I support further the suggestion regarding the movement of our Legation to Nanking. Anyone who has visited Peking must regret leaving such wonderful and charming surroundings, but if our new Minister is to exercise any real influence on the affairs of China he will be handicapped by being so many hundreds of miles away from the present Capital. It would also be well that he should be in closer touch with Shanghai. I regret the reduction of the Shanghai Expeditionary Force by one infantry battalion. I was in Shanghai when the Expeditionary Force first arrived and it was because it was adequate that it was able to achieve its object and to preserve peace without having to fight. There are few better ambassadors of our nation than our troops. The men have their own inimitable way of getting in touch with the people of the country in which they are quartered and among the comments one heard from the Chinese was this: "They no belong soldier; they belong gentleman."

The present time is opportune for a re-statement and a new emphasis of our policy both owing to the character of the present Nanking Government and because a new Minister is going out to represent us. The future of China is of peculiar importance at the present time. The world is seeking markets for its products and a stable, peaceful and orderly China could take almost unlimited quantities of such products as wool and wheat, and manufactured goods. Finally, I would urge that in our policy we might well adopt an attitude rather similar to that adopted by the late Lord Balfour in his very wonderful Mission to the United States of America when she first entered the War—to place at her disposal all our experience in working these Western institutions which she is striving to adopt and to help her to evolve a new system for the benefit not only of British and other merchants, but for the benefit of the people of her own vast country as the whole.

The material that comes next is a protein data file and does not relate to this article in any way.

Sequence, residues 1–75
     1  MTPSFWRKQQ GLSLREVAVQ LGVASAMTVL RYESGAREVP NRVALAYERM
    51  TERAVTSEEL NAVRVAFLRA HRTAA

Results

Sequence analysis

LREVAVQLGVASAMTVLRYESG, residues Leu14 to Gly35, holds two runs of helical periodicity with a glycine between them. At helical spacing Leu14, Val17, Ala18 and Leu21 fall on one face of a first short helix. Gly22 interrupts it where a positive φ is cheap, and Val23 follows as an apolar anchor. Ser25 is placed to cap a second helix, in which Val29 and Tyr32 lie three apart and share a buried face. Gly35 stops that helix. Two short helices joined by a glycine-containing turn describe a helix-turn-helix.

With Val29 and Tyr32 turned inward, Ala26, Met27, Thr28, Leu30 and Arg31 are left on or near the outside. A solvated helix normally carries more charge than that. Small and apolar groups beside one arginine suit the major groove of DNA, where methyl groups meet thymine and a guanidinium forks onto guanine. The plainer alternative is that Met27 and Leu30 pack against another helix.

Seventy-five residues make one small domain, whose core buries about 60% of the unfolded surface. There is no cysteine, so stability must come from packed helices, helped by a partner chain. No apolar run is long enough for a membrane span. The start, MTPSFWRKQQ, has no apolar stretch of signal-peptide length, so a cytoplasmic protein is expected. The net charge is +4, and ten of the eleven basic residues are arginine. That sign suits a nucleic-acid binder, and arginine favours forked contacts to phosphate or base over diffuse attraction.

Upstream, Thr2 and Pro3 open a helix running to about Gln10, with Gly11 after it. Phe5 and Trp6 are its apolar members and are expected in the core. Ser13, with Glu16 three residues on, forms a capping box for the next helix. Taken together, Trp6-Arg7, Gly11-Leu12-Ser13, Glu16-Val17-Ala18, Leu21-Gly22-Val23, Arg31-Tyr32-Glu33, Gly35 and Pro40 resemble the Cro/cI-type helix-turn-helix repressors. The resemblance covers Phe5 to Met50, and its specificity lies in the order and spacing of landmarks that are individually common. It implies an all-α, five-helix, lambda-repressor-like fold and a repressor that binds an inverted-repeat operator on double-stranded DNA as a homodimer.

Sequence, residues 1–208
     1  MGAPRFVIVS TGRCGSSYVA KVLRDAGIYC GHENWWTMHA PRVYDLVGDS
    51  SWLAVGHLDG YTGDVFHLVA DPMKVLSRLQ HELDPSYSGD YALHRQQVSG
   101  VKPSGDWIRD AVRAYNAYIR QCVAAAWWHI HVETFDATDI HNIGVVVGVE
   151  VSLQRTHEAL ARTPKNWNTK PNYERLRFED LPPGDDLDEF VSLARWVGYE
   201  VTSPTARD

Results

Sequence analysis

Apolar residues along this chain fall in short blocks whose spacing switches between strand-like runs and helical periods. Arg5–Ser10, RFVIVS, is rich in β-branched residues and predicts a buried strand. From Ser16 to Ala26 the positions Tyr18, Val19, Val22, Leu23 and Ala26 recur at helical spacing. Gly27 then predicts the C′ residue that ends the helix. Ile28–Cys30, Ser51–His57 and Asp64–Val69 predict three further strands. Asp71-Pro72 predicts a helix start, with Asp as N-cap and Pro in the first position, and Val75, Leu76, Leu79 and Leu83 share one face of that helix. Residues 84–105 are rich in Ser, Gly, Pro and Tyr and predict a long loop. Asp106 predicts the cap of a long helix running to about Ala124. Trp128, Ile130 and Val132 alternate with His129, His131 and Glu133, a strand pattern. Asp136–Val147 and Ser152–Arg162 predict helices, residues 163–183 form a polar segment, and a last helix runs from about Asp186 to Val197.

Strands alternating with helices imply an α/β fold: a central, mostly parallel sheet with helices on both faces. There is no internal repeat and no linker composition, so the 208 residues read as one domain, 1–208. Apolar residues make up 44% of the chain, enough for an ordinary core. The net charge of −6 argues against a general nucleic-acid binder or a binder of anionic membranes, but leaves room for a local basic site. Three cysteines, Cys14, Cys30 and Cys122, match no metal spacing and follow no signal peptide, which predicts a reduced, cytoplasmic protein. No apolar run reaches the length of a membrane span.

My Lords, the debate this afternoon has covered a very wide field. I am afraid it is a very long time since I had personal knowledge of China and therefore there is little I could say which could be of value from a personal point of view. It may amuse the House to hear that perhaps I myself nearly took part in one of these revolutions because when Dr. Sun Yat-sen was in London he invited me to go out and take part in a movement he was then making. Considerable reference has been made to trade in China and I am sure the House will rejoice that the Chairman of Imperial Chemical Industries has been travelling recently in that country. When I was there more thay twenty years ago one of the complaints made was that firms in England seldom had their own commercial agents there. I entirely agree that with that vast population the chances for increased trade are considerable and I hope the example given by the Chairman of Imperial Chemical industries will be widely followed.